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Taekwon Do the Art of Self Defense Hardcover – 1965

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Hardcover, 1965
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1 of 1 people found the following review helpful
A Taekwon-Do classic 30 Oct. 2013
By W. McMillin - Published on
Taekwon-Do: The Art of Self-Defence by Choi Hong Hi
Daeha Publication Company: Seoul, Korea 1965

This is the first book in English about Taekwon-Do, and one of the first in any language other than Korean. The book is surprisingly well laid out considering it is the first comprehensive book on Taekwon-Do. I have found that later editions and many of the other so called comprehensive Taekwon-Do books are often confusing in their layouts.

This book shows that early on, there was an association between traditional karate and Taekwon-Do. The easiest example is the fact that all the photos show people (including Choi) wearing karate gis (or dogis as I have been corrected on) rather then the black trim doboks that we are used to. The other important aspect is that the 15 traditional forms of karate are shown here. The hyungs of the "Sho-rin and Sho-rei Schools" are the orthodox form of Funakoshi's Shotokan School. These fifteen forms were practiced by many of Taekwon-Do's earliest pioneers, including Choi, when they were taught karate in Japan. A careful look will show many of the moves in these forms have been adapted into the original Taekwon-Do hyungs.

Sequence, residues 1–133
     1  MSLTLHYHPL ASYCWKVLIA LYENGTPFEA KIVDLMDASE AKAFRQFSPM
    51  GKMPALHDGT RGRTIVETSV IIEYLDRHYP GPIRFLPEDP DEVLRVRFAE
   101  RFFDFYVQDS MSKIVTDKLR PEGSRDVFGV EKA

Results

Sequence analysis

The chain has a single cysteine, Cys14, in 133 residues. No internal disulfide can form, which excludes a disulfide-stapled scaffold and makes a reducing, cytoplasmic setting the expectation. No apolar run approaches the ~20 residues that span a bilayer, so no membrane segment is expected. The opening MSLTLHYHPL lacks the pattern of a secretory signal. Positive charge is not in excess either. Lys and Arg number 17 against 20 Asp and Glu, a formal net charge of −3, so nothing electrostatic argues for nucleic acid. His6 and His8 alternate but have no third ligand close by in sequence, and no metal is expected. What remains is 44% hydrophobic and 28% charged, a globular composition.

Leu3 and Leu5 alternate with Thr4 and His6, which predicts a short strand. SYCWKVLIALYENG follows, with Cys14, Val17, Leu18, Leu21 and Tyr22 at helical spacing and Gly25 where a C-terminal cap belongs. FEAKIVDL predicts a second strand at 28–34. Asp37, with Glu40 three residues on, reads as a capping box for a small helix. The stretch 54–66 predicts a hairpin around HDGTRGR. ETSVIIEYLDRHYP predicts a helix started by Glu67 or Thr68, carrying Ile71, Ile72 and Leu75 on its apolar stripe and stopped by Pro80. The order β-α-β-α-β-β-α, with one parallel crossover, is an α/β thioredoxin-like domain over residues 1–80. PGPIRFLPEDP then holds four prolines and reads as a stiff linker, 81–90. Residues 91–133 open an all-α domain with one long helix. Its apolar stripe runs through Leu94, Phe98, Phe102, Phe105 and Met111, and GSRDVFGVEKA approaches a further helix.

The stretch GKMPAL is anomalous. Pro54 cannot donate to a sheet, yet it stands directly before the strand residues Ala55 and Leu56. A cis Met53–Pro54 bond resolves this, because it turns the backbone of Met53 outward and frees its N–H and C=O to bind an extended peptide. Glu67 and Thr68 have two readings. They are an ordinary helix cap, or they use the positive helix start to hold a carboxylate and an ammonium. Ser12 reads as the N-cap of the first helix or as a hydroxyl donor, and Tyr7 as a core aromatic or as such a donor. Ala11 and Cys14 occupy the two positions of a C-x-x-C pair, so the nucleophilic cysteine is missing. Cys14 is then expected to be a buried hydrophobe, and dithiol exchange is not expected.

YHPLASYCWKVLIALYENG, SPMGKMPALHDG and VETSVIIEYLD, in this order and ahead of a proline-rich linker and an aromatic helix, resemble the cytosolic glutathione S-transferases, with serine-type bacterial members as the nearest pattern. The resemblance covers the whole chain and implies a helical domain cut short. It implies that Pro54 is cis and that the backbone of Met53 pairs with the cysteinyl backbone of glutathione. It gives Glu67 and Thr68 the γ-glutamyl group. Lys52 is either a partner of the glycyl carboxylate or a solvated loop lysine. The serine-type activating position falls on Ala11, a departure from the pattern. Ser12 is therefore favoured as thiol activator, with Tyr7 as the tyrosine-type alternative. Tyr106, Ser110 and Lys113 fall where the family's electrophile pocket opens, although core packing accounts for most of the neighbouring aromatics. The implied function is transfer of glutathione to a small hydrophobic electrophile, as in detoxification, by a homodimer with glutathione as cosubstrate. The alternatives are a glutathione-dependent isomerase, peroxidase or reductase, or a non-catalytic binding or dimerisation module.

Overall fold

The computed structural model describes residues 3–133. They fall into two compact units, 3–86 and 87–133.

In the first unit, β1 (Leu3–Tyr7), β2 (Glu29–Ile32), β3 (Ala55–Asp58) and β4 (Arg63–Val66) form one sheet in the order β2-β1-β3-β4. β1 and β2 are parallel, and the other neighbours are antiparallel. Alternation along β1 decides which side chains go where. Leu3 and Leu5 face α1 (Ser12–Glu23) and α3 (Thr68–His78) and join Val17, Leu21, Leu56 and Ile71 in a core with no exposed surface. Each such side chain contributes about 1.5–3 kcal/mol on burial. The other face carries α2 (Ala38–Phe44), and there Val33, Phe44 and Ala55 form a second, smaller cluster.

The original Ch'ang Hon forms are explained for the first time in this book. I saw original because at the time of publishing there were on 20 hyungs (Chon-Ji, Tan-gun, To-san, Won-hyo, Yuk-kok, Ch'ung-gun, Kwang-gae, P'o-un, Kae-baek, Yu-sin, Ch'ung-jang, Ul-ji, Sam'il, Kodang, Ch'oi-yong, Se-jong, and T'ong-il). The other four forms wouldn't be added to later editions. Kodang is the original Kodang and not the renamed Kodang used by some organizations. I have always found that just an explanation of the hyung to be lacking without pictures to back it up (I find the opposite to be true as well). I know many people are confused by this way of explaining hyungs.

This is an excellent book on the early days of Taekwon-Do. It is still an excellent book on Taekwon-Do though those that do sine-wave might disagree. This should be in the library of any serious Taekwon-Do scholar, Ch'ang Hon yu practitioners, and serious students of Taekwon-Do.
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